Reminding New Yorkers to look up every once in awhile, is American artist Tom Friedman. “Looking Up” is a 33-foot tall sculpture made of stainless steel and crushed aluminum foil.

The whimsical giant statue that gazes up to the heavens retains imprints and markings from its original materials. Filled with awe and wonder the statue overlooks a crowded and bustling part of the city.


Emblematically with this piece, Friedman prompts us to always keep our head up, despite the chaos around us. "Looking Up" is installed on Park Avenue and East 53rd Street until late July.

5. Paul Richard


Dear New Yorkers, if you’re not looking up, make sure to look down because if there's one thing about street artists, they’re always driven to post artwork or spread a message on our grounds.

Artist Paul Richard exhibits a casual yet playful style when capturing the facial features of his subjects on our NYC sidewalks. Creating a timeless effect, and with just a few drips of paint, his elegant sidewalk portraits of classy gentlemen come to life.

Many of his artworks can be frequently seen on the sidewalks of Lower Manhattan and different parts of Brooklyn.


6. #WhatLiftsYou - Kelsey Montague


Nothing screams Spring is almost here than Kelsey Montague’s classic black and white wings.

The mural art is part of a What Lifts You campaign, an opportunity for the public to share more of what inspires them through the hashtag #whatliftsyou. Montague shares on her blog, “I realized that people love the opportunity to become a ‘living work of art’.”


If you haven’t taken a picture with this beauty as of yet, what better time than now? Go ahead, show your friends and family just why you’re flourishing this season. #WhatLiftsYou can be found between 23rd Street and 3rd Avenue.

7. “Can Love Pervade Space?” - Ken Shih (until May 15th)


Ken Shih’s sculpture evokes patterns of human morphology, behavioral patterns in human nature, and the patterns and anti-patterns emergent from society and culture. The 50 bust portraits of adult individuals were carved and inspired from people who came and sat with him in person for a 3-hour session.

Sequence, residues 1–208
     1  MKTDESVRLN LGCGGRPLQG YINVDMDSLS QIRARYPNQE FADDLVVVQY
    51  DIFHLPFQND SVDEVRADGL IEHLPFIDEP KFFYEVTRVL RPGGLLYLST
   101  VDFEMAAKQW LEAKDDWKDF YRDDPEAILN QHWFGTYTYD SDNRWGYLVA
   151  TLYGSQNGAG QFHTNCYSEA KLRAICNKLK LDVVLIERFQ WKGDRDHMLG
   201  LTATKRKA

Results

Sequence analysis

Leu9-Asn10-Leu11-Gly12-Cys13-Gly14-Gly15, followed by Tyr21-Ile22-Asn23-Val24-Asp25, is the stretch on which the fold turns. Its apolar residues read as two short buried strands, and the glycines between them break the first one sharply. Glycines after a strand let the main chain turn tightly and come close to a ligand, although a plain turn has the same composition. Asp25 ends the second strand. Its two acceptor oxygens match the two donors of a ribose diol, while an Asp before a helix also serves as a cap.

Displaying a form of an idealized community, each sculpted head is placed side by side on a 3-Dimensional wire frame made of steel pipe on a small grassy hill. The viewer is then asked to observe, analyze, and draw conclusions from the sculpted expressions.

Shih’s hope is that we set apart our differences and ultimately learn to love one another in these challenging times.

8. “Ruby Bridges” - Sharon De La Cruz


Prolific artist and activist Sharon De La Cruz’s “Ruby Bridges” is inspired by, “The Problem We All Live With,” a famous 1964 painting by Norman Rockwell. Ruby Bridges became a prominent figure of Civil Rights history when she was only in the first grade. 

The iconic painting depicts the brave six-year old Ruby Bridges on her way into an all-white public school in New Orleans in 1960 during the process of racial desegregation.

A pivotal moment in the Civil Rights Movement, this powerful piece can be found in the Bronx’s Hunts Point. De La Cruz, who grew up in Hunts Point, chose the site in hopes that it will inspire conversations about the past and help beautify a dreary area crowded with trucks.

9. “Lenape Variations” - Ruth Hofheimer (November 16th)